Deep discounter Aldi's U.S. success should drive supermarkets to improve in various metrics, including associate availability and helpfulness, to retain their customers
According to the Retail Feedback Group’s (RFG) “2019 U.S. Supermarket Experience Study,” supermarkets still garnered the strongest overall satisfaction score (4.31 on a five-point scale) compared with deep-discount retailer Aldi (4.27) and mass merchandiser Walmart (3.93). Supermarkets additionally earned the highest scores in quality and variety.
Looking at value for money spent, however, Batavia, Ill.-based Aldi, No. 9 on Progressive Grocer’s 2018 Super 50 list of the top grocers in the United States, got the top score, as well as earning the highest overall satisfaction rating during the peak traffic hours of 3 p.m. to 7 p.m. (4.30) compared with supermarkets (4.27) and Walmart (3.98).
Supermarket shoppers rated quality/freshness of food and groceries (4.44), cleanliness of the store (4.42), and item variety and selection (4.38) as the strongest core experience factors. Associate friendliness, while achieving the highest service rating, received a score of just 4.32, followed by checkout speed/efficiency (4.28), associate helpfulness/knowledge (4.24), and the lowest-scoring service area, associate availability (4.17). Service is a key factor, since overall satisfaction is considerably higher when service attributes garner stronger scores, according to RFG.
Tying for the lowest score among core experience factors, value for the money spent garnered a rating of 4.17. In the area of specific price attributes, produce prices (3.99), meat/poultry prices (4.00) and everyday prices (4.01) all got low scores in the supermarket channel, while advertised sales items scored much higher (4.34). This is a critical strength, since 73 percent of shoppers referred to one or more advertising/sales vehicles – traditional, social, mobile and digital – before or during their store visit.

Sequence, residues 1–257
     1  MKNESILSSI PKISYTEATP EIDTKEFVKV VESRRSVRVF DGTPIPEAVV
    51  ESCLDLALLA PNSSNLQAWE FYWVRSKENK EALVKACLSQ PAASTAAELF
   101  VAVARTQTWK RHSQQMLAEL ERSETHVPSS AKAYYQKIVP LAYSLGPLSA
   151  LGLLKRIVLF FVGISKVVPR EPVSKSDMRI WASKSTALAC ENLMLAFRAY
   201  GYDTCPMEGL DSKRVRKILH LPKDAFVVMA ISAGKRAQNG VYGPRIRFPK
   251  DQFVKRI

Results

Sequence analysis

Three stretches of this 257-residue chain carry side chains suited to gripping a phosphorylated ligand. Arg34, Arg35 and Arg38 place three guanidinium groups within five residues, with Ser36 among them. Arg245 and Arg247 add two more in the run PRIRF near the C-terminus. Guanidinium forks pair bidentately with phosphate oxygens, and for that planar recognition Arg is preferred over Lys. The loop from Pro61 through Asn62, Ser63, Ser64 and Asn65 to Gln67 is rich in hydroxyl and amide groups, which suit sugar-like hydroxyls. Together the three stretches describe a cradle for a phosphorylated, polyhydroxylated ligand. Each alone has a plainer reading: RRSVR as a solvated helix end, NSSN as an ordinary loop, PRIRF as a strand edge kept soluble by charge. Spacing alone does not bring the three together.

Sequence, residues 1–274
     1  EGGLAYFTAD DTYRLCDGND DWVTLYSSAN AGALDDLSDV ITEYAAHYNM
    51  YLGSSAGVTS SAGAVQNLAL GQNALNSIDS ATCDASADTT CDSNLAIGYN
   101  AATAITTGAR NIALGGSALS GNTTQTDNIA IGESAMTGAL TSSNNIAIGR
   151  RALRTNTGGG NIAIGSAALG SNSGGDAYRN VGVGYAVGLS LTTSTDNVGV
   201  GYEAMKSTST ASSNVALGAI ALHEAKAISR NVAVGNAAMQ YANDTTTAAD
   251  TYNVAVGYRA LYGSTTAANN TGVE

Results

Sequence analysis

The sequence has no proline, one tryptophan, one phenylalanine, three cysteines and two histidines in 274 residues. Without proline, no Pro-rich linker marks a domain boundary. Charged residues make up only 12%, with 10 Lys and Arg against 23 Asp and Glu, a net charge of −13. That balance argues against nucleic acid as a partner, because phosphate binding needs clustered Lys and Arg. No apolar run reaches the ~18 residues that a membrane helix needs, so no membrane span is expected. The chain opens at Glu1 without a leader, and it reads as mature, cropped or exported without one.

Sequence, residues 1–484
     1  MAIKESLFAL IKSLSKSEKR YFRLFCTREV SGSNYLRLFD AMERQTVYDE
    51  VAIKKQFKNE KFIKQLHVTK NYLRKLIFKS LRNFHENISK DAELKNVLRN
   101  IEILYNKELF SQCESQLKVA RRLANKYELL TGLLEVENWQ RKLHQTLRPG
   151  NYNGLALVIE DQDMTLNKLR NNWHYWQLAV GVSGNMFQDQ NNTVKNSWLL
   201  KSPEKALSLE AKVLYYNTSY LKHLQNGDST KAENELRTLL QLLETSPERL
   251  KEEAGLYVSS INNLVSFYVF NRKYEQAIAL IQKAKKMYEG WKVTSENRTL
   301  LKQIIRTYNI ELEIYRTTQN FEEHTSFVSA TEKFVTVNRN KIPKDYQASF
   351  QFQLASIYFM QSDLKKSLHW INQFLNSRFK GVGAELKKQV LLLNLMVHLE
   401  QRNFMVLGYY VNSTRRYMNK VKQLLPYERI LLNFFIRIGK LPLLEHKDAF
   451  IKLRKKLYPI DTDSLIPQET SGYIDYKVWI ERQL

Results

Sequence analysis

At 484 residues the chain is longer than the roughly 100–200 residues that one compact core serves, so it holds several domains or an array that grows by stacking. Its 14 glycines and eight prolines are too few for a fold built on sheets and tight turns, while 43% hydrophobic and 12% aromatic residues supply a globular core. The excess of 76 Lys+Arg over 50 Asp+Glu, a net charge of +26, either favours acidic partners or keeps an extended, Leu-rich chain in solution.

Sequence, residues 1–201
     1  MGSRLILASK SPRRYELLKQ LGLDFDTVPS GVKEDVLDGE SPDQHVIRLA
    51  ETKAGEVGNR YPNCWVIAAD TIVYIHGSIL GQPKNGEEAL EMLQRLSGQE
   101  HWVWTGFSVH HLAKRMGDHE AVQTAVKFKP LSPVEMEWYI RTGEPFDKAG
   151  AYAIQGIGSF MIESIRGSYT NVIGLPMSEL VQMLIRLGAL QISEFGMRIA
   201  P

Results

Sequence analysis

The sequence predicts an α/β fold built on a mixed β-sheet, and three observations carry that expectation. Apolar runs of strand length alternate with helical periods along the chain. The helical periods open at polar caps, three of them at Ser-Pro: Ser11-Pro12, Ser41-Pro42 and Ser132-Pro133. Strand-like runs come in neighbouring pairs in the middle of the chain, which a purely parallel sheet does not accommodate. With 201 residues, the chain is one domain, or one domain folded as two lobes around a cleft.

“Value still remains a very important consideration for supermarket retailers, with more than seven out of 10 shoppers referring to sales vehicles before or during the visit to the store,” said Brian Numainville, principal at Lake Success, N.Y.-based RFG. “While supermarkets receive the lowest scores on value for money spent, the good news is that advertised specials register as the strongest scoring pricing factor for supermarkets. While digital circulars (30 percent) continue to grow, the printed circular is still more popular today (51 percent), more so with Boomers (62 percent) as compared to Millennials (40 percent). However, digital coupons (33 percent) have now surpassed clipped coupons (29 percent) and are used across all age groups. Retailers need to remain attentive to the trends in their local markets to ensure they are communicating value using the vehicles most relevant to their shoppers.”
Aldi shoppers are more apt to recommend their store, with a Net Promoter Score of 44.7 versus supermarkets (40.7) or Walmart (27.1). Moreover, 42 percent of Aldi shoppers said that they intended to shop there more in the next 12 months, compared with 22 percent for supermarket shoppers and 28 percent for Walmart shoppers.
Regarding core experience ratings, Aldi shoppers assigned value for money spent the highest score (4.51) versus Walmart shoppers (4.32) and supermarket shoppers (4.17). Except for value for money spent, Walmart customers scored the Bentonville, Ark.-based mega-retailer, No. 1 on PG’s 2018 Super 50 list, lowest on the other core experience factors, compared with supermarkets and Aldi. Additionally the deep discounter has tied with supermarkets on quality and freshness (56 percent describing themselves as “highly satisfied”), with Walmart lagging behind, at 46 percent.
“As Aldi continues to remodel stores and expand into new locations, supermarkets need to step up their game in areas like staff availability and helpfulness, maintain leading scores in quality and variety, as well as focus operationally on improving satisfaction during high-traffic time periods,” noted RFG Principal Doug Madenberg.
In the realm of demographics, Boomers outscored Millennials on almost all core experience factors, excepting value for money spent, which garnered similar scores across generations. Further, Boomers scored supermarkets more highly than both Gen X and Millennials on various factors, among them quality, variety and friendly employees.
The RFG study is based on a nationally representative study of 1,200 supermarket shoppers.